Theaters

  • November 3, 2005

    Former TIVOLI, Towcester Rd, Northampton

    NORTHAMPTON, ENGLAND — After being on the market for over a year, this former cinema has now re-opened as a tile warehouse. Situated at the junction of St Leonard’s Rd and Towcester Rd, the TIVOLI opened in 1935 and closed in 1960.

    After a period as a storage facility for a local haulage firm it became a car accessory store/fitting bay and has now been re-incarnated for the DIY market. The adjacent shop and cafe function as a diner with an American car on the roof!

  • October 26, 2005

    Fire Temporarily Closes Latchis' Main Screen

    BRATTLEBORO, VT — A fire yesterday in the Latchis Theatre’s main auditorium caused minimal damage (the screen, curtains, and part of the roof were burned) and the auditorium is expected to reopen Friday, according to WCAX-TV Channel 3. The other two screens will continue to operate until then.

    Electricians working in the large auditorium may have inadvertantly started the fire when a curtain was set too close to a floodlight. The fire was mostly put out before firefighters arrived on the scene. The theater and Latchis Hotel, with which it shares a building, are the only two Art Deco style buildings in Vermont.

  • October 20, 2005

    70mm Launches at Greenwich Picturehouse

    LONDON, ENGLAND — This Sunday sees the first 70MM screening at the newly reopened Greenwich Picturehouse in South-East London.

    The screening is LAWRENCE OF ARABIA which will be presented in 70MM SUPER-PANAVISION. The projector used is a Philips DP70 which until recently was at the EMPIRE, Leicester Sq. This is one of three DP70’s that were installed on December 16 1959 for the opening of BEN-HUR. Considered to be the Rolls-Royce of projectors this machine (serial number 1352) has now been moved to a new home at the recently reopened Greenwich Picturehouse.

    This DP70 was rescued from the Empire by Tony Jones, Creative Director of City Screen who operate the Picturehouse Arts circuit in the UK, to supplement a wide array of 70MM projection equipement already in regular use at its cinemas throughout the UK.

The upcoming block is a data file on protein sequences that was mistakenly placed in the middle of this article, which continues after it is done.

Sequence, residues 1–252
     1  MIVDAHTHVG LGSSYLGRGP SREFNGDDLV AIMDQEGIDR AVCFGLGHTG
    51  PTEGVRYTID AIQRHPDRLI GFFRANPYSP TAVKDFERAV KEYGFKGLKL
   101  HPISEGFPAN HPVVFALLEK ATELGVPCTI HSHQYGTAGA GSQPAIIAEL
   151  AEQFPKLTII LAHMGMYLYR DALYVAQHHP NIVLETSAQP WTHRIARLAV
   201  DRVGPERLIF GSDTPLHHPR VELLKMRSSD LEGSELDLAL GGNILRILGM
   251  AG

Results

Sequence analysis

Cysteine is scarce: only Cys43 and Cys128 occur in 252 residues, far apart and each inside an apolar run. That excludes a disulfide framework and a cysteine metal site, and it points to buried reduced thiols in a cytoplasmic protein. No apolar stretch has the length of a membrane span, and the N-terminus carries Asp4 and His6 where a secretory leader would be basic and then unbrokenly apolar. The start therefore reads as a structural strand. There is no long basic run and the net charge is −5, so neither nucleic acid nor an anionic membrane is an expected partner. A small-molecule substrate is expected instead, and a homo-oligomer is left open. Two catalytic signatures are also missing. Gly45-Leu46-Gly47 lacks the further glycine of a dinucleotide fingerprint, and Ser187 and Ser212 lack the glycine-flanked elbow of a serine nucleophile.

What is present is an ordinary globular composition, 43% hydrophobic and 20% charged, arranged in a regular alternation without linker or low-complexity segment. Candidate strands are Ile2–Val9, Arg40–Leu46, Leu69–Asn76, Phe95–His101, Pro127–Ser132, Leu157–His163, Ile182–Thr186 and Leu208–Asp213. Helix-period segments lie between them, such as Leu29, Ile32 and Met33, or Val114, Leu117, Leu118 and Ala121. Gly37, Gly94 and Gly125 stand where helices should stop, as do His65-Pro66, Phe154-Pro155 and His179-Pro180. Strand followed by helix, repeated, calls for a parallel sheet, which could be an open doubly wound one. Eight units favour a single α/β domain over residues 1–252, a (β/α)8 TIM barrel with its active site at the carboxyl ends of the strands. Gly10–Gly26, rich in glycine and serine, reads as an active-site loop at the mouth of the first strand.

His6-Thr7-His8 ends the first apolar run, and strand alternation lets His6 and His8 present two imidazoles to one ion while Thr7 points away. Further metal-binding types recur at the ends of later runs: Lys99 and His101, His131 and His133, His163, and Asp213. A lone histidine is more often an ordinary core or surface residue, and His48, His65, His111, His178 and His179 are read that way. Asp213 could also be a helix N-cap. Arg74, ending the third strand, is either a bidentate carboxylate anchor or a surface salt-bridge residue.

www.picturehouses.co.uk
    www.uk70mm.com

  • October 13, 2005

    Brewster NY Cameo Theatre History Program

    BREWSTER, NY — The Southeast Museum will present as part of it’s Lecture Series ‘The History Of Brewster’s Cameo Theatre’ on Saturday November 5th at 3pm.

    Professor Michael Jacobs of Berkeley College will present the lecture giving the history of this historical Art Deco theatre that opened in June of 1939 with the showing of “The Young Mr Lincoln”. More that 600 people attended the gala opening.

    There will be a discussion of the many films shown at the theatre over the years and plans for the future of this unique movie house.

    The Southeast Museum is located at 67 Main Street in the Village of Brewster, NY. Museum hours are Tuesday-Saturday 10am – 4pm. For further information please contact the museum at (845) 279-7500.

  • October 10, 2005

    Developer Plans to Bring New Life to Park Theater

    LAFAYETTE, CA — Upon learning of plans to demolish the recently-closed Park Theater for condos, local developer Greg Woehrle joined forces with a group of local businessmen and purchased the building.

    Woehrle intends to preserve the theater’s marquee and facade while considering various plans (apparently not including a movie theater) to revitalize the landmark.

    The story, by Meera Pal, can be found on the Contra Costa Times website.

  • United Artists Theater in Travis Closing?

    STATEN ISLAND, NY — In last Thursday’s edition, the Staten Island Advance reported that the UA theater in the Travis area was purchased and may be reopened as a gym.

  • October 4, 2005

    Astor Plaza Theater Reopens as the Nokia Theatre

    NEW YORK, NY — Well, I visited the “Astor Plaza” Theater last night, although of course it is now the Nokia Theatre. (I know it may hurt, but I believe in keeping with the policy of this website, the name may have to be changed on the site, and Unfortunately, “Astor Plaza” may now have to become the secondary name).